NZ to hasten completion of anti-money laundering regime: Key

The furore over the Panama Papers is hastening completion of New Zealand's anti-money laundering regime, with lawyers and other professionals to be targeted.

Prime Minister John Key told his post-Cabinet press conference that a remaining chunk of legislation to complete the country's AML obligations will be hurried through.

"There's no question that's as a result of the debate around the Panama Papers and wider global debate," Key said, following reports by Television New Zealand and Radio New Zealand linking Auckland law firm Cone Marshall to an exiled former prime minister of Kazakhstan, Akezhan Kazhegeldin, whose up-market London abode was owned by his daughter's company Zarek Investments. Zarek was registered through the British Virgin Islands tax haven and administered by Cone Marshall.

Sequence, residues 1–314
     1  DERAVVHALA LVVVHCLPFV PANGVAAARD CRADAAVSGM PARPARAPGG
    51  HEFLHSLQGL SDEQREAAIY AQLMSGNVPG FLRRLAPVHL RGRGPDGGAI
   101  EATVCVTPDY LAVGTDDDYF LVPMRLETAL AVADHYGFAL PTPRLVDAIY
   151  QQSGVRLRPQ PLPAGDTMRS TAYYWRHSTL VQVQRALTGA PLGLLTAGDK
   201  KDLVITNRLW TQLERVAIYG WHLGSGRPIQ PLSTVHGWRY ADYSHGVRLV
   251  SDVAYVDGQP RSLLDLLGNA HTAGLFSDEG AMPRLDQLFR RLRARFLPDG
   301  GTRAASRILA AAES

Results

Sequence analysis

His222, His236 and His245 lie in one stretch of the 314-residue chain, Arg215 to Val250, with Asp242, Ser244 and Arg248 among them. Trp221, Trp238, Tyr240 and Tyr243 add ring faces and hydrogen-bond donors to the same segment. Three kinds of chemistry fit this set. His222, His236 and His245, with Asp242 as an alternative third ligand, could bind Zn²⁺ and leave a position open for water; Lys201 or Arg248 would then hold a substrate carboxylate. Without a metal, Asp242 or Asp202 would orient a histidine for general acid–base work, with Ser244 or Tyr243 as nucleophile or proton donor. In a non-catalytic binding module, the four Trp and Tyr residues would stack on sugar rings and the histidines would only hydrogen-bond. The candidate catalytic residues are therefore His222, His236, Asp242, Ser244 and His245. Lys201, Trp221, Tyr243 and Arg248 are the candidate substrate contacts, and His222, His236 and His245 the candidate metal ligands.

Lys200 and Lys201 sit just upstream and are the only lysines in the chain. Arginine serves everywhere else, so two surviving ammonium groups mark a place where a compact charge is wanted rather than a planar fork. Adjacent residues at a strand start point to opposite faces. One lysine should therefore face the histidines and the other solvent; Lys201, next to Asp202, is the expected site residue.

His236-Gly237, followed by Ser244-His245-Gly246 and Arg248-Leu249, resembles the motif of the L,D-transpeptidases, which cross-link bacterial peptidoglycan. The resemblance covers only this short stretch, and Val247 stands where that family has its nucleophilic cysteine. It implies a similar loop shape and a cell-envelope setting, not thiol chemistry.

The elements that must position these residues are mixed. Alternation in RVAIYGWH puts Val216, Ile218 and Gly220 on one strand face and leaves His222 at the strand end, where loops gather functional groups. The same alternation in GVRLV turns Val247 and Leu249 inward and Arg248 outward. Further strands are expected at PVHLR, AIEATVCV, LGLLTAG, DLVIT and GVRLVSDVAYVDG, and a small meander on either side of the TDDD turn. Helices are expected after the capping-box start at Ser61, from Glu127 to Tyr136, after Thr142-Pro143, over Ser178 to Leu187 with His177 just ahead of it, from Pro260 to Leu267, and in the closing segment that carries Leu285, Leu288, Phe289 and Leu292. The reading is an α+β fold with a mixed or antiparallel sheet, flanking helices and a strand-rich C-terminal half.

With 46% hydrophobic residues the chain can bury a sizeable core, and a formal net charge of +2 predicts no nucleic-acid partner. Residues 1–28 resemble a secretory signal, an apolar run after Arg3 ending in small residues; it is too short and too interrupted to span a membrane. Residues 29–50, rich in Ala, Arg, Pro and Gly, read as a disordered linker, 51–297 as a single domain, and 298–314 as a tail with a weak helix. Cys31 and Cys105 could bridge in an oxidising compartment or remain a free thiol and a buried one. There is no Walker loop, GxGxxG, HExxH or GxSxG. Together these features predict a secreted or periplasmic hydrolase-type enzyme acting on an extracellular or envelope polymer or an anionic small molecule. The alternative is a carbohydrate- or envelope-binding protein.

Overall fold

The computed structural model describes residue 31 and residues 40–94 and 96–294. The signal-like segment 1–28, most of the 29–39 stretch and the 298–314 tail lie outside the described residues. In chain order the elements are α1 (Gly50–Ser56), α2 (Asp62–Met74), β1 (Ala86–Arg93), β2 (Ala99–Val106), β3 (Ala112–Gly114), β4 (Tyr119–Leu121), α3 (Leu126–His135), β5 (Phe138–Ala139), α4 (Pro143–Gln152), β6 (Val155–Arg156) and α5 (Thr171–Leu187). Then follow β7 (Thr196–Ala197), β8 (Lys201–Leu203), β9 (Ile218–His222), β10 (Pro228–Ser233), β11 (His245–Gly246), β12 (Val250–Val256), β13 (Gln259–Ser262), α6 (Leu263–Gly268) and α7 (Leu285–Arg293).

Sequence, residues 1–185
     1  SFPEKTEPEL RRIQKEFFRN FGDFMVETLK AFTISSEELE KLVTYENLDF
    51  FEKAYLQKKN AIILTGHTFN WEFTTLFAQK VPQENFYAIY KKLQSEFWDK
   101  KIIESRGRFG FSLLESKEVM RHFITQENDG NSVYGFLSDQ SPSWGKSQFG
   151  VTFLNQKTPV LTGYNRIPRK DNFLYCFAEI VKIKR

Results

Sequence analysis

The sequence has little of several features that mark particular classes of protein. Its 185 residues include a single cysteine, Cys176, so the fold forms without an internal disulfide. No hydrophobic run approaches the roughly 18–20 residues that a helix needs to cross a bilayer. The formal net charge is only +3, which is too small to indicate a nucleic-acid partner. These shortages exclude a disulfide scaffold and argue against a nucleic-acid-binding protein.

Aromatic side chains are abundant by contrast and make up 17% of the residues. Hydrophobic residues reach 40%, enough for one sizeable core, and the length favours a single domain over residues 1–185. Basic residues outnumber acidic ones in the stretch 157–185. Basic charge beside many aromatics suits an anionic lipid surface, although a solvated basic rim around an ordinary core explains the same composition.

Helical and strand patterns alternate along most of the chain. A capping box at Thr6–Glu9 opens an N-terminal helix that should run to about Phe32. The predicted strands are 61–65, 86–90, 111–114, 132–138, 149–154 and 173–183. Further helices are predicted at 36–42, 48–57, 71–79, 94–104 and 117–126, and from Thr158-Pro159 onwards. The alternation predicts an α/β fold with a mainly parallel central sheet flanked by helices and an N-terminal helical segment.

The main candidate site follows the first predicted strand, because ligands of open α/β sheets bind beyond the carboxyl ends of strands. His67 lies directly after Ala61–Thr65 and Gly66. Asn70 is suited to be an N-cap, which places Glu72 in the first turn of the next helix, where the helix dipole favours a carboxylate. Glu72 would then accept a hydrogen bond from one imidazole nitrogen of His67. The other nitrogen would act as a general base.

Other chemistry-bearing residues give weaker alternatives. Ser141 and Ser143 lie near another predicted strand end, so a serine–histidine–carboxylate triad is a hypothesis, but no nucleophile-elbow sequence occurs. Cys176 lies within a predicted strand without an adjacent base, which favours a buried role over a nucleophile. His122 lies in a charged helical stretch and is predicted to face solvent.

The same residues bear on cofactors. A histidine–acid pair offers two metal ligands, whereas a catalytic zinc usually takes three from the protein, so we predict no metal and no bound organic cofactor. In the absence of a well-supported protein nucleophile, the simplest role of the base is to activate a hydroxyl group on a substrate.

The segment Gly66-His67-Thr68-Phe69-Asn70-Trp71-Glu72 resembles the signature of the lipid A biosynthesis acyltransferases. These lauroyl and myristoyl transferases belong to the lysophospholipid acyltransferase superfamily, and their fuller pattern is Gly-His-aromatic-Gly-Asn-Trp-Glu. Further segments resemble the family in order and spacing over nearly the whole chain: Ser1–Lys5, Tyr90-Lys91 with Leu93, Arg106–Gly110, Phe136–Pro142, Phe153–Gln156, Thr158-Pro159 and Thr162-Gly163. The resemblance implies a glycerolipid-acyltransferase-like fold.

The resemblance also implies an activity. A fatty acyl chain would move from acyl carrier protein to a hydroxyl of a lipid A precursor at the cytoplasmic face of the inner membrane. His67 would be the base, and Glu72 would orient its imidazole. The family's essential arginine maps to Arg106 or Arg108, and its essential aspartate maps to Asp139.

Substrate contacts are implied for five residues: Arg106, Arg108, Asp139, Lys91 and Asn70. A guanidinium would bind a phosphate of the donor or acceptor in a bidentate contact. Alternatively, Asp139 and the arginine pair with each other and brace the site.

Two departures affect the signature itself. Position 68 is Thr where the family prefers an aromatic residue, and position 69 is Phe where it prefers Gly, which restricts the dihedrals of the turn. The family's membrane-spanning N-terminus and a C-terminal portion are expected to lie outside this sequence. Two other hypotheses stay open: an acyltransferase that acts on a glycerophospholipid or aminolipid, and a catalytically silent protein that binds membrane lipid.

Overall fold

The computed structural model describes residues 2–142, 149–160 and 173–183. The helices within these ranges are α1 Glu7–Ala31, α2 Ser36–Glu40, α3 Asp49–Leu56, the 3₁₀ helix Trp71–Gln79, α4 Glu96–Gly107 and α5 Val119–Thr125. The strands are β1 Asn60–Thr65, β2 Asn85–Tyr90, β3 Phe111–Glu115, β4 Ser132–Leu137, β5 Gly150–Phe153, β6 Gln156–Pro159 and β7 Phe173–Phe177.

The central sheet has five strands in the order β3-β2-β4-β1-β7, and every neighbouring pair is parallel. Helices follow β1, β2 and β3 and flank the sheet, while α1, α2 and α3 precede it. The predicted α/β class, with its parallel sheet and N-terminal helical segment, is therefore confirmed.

BusinessDesk reported last July that the government was looking to extend the AML regime to professionals including lawyers and accountants as the number of suspicious transactions reported to law enforcement agencies has more than tripled since the Anti-Money Laundering and Countering Financing of Terrorism Act came into effect in mid-2013.

A second tranche of legislative reform would extend anti-money laundering requirements to professions and businesses dealing in high-value goods, such as lawyers, accountants, conveyancing practitioners and real estate agents, Justice Minister Amy Adams told last year's Asia/Pacific Group on Money Laundering annual meeting in Auckland.

"These are currently covered under the Financial Transactions Reporting Act, but a next stage would see them subject to the more robust AML obligations under the AML/CFT " she said. "You can expect more of an update on this work as it progresses."

Key said today that "to cover all other kinds of entities, then we need to do part two."

"We are trying to push that through as quickly as we practically can."


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